Additional tips:

When using these substitutes in cooking for agar agar,  you can start with a 1:1 ratio or 2:1 when combining. Also, make sure that the whole texture with the ingredients is thick enough, and do not add more if it’s the complete texture you need. In case it is not, add a bit more but not too much. Always remember the rule: you can always add more but you can not take out if you put more than enough.

Related questions:

What can I use instead of gelatin and agar agar?

The best choice would be carrageenan. This is also a vegetable-based product that will fit perfectly as an alternative for agar agar in recipes. The same as agar agar it comes from seaweed and is very similar and gives almost the same results

How long does agar agar last?

This product can last up to eight months. But it is better to prepare for several days and count three days max of each one.

  1. I tried making vegan gummies with agar. The final product had a terrible consistency, it wasn’t chewy, it was firm and waxy, and broke in half and then in bits in my mouth. Is this normal. A receive I found later said to boil the agar mixture for two minutes, which I didn’t do, would this make the difference?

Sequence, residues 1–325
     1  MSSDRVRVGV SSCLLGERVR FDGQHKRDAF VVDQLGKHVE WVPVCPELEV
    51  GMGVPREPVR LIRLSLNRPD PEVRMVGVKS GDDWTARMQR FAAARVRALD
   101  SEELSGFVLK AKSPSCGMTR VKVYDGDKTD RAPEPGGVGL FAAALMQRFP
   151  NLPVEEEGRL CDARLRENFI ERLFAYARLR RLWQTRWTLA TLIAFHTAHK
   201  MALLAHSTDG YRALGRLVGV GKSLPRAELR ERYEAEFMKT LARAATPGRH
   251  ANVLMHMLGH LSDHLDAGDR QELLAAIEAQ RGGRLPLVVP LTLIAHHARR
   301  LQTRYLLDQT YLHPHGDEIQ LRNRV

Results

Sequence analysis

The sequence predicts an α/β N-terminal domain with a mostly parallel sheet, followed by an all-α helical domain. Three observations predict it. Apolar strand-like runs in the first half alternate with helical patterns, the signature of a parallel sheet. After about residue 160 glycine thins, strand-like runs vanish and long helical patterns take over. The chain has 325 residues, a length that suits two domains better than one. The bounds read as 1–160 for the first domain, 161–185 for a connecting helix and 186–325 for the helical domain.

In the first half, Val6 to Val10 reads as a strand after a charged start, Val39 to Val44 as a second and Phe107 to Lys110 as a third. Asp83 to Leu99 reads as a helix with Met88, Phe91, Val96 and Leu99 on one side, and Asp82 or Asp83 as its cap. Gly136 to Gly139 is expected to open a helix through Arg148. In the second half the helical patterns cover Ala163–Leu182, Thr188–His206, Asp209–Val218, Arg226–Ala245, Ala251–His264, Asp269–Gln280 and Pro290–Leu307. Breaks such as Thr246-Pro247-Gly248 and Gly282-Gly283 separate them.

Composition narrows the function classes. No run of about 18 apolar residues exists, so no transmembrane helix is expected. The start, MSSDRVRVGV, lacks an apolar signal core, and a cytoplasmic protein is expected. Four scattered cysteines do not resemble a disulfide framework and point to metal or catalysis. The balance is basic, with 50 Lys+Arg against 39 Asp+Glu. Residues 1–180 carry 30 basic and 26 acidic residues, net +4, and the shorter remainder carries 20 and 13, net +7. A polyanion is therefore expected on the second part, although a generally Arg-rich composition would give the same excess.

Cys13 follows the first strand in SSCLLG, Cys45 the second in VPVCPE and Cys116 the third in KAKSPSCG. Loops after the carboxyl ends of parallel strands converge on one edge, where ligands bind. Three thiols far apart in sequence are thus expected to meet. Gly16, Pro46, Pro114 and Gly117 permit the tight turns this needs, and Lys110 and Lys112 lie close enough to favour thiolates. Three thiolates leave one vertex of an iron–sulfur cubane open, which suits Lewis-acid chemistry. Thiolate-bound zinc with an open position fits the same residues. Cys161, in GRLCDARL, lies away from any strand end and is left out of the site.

1. From all accounts I have read, the boiling process is very important. I would retry with the boiling and see what your result is. Regular gummies are generally boiled and then poured into the molds.

  2. sorry if this is a silly question! but when I substitute gelatin for agar agar 3:1 do you mean 3 parts gelatin to the 1 part agar agar in the recipe or the other way around? (so 3 times as much gelatin as agar agar in the recipe or 1/3 gelatin as agar agar? – this will have very different results!)
    thank you so much

  3. I am also curious about the gelatin amount of 3:1. Is it 1/3 of the agar agar in a recipe, substituting gelatin. Or, substituting gelatin 3 times the amount of agar agar given in a recipe?

    1. Agar is supposedly more powerful than gelatin so I’m guessing 1 whatever of agar equals 3 whatever’s of gelatin. I heard more 6 to 1 but this is what experimenting is for. Good luck. One question… Is it Melissa-nee or Meliss-anne?? I totally dig both pronunciations btw.

  4. We are trying to make vegan gummy bears using Agar Agar as a substitute for Gelatin but we cannot seem to get the sponginess of a true gummy. Any suggestions?